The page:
The negative consequences of using enhancing drugs include unexpected side effects and degenerative societal impacts. Although modern pharmaceuticals go through exhaustive laboratory trials before they are ever implemented clinically, there is still a risk of side effects in certain individuals. Furthermore, even when taking drugs medically prescribed to treat disorders, people can form addictive habits. Allowing the proliferation of enhancing substances could lead to increased drug abuse.

Genetic Engineering

The human enhancement methods discussed hitherto have been pharmaceutical drugs with a mostly temporary duration of effect that are currently regulated and administered for restricted medical use in the United States. In addition to ongoing pharmaceutical engineering efforts, there are many nascent and visionary technologies that could have extensive biological, social, political, and economic impacts if applied to humans for the purpose of enhancement. A number of these techniques are banned, some are not sufficiently developed to be implemented in an enhancing manner, and others are purely theoretical at present due to limits of technology.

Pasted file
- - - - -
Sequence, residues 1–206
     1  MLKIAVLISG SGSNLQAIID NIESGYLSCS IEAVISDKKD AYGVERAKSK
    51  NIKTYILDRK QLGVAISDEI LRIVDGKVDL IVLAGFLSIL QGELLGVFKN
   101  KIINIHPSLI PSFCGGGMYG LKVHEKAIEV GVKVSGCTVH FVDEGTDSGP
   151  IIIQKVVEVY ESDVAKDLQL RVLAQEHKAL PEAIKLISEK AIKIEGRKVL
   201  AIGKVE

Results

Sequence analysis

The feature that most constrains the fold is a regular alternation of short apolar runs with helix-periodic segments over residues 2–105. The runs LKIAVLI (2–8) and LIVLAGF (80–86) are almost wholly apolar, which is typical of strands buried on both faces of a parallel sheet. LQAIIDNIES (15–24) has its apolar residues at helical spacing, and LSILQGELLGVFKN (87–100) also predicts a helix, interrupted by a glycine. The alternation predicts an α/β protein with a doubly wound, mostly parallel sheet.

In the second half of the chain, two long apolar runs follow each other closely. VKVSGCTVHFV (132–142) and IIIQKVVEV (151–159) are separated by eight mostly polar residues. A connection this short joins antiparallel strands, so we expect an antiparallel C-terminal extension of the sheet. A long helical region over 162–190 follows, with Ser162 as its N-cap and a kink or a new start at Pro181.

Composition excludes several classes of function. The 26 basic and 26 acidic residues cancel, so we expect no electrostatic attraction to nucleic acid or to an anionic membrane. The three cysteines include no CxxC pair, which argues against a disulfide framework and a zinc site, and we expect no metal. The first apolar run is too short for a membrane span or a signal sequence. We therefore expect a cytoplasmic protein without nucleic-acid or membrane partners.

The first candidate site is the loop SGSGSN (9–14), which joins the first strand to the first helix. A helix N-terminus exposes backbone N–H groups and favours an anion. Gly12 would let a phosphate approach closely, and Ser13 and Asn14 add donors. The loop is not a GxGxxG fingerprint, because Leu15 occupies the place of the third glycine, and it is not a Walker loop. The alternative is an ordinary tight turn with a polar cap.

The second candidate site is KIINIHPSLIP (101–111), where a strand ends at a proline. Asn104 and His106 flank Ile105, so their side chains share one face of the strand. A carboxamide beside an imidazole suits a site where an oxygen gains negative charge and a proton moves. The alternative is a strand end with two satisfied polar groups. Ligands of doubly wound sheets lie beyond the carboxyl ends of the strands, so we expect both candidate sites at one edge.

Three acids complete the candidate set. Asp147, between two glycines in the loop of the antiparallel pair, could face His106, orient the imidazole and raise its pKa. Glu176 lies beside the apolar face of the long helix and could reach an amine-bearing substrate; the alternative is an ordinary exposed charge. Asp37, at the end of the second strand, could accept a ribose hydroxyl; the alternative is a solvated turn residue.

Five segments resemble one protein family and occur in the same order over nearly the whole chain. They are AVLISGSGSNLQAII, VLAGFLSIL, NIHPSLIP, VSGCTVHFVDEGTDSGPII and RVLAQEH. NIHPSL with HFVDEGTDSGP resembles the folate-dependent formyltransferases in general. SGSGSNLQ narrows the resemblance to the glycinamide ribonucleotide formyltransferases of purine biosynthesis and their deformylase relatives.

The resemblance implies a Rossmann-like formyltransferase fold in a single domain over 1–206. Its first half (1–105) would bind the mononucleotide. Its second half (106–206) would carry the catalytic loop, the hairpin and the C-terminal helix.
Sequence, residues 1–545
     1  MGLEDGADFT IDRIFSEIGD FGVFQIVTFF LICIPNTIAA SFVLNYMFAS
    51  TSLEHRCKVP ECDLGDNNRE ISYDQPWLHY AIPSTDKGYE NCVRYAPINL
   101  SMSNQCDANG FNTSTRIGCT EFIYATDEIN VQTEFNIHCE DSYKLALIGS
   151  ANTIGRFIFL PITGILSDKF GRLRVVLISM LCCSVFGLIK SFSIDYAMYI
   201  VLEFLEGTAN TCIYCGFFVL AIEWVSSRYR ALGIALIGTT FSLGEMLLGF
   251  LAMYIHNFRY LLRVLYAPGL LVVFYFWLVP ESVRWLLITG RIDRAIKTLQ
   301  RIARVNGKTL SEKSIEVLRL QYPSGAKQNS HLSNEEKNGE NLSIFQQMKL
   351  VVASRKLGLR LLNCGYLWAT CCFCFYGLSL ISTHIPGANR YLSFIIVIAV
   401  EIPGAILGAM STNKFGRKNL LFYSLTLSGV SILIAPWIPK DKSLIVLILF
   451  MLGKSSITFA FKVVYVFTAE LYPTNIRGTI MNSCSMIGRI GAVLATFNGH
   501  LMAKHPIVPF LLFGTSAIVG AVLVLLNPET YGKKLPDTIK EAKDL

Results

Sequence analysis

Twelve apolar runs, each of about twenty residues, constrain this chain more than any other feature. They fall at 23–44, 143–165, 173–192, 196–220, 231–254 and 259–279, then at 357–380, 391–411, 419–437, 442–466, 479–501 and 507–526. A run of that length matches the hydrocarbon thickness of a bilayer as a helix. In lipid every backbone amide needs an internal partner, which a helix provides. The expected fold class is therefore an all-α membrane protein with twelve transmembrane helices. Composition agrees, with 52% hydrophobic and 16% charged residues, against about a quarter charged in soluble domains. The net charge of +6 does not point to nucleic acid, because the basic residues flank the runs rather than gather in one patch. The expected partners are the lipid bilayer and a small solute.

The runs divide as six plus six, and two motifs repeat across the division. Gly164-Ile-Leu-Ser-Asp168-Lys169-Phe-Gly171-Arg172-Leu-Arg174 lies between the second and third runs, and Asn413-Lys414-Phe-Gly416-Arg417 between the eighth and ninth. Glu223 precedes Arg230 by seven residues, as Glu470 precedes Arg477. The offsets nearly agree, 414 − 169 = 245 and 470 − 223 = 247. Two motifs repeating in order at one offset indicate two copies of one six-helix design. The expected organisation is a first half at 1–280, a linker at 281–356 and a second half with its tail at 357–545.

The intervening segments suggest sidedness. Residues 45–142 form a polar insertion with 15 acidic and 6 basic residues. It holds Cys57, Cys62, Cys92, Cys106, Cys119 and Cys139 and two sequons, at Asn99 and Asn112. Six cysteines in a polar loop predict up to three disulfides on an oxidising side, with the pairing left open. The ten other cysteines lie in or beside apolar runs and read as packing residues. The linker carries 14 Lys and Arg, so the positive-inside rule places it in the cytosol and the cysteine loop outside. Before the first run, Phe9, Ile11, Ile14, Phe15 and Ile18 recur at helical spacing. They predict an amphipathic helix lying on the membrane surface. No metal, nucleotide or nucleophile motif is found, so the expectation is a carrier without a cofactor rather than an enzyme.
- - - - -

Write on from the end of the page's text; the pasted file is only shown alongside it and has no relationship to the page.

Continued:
With the emergence of biotechnology and recombinant DNA methods, the opportunity for true, permanent enhancement of humans exists on a profound level. Currently, human genetic engineering is legally limited to somatic gene therapy, a technique that involves the injection of a transgene (artificially introduced genetic material) into a somatic (body) cell of an individual to prevent a genetic defect (18,19). Any genetic effect or modification will be restricted to the individual treated and is not inherited by the progeny (18). Somatic gene therapy can be divided into two distinct approaches: in vivo and ex vivo. In vivo gene therapy comprises the introduction of a gene (in the form of a DNA liposome complex, recombinant virus, or DNA plasmid) into an individual to reduce or eliminate a defect (18). Ex vivo gene therapy involves removal of target cells from an individual, the subsequent modification of their genetic constitution by inserting a transgenic virus, the reintroduction of altered cells via transfusion, and finally the production of the desired protein or hormone (18). Germ line gene therapy, currently banned for use in humans, refers to the injection of a functional gene into the germ cells of an individual, allowing any genetic modifications made to be passed on to the offspring via gametes (18). Theoretically, this method should be quite effective in counteracting genetic disorders and hereditary diseases, but cannot be used in humans due to the risk of severe side effects and developmental problems because of limitations in current technology (18,20).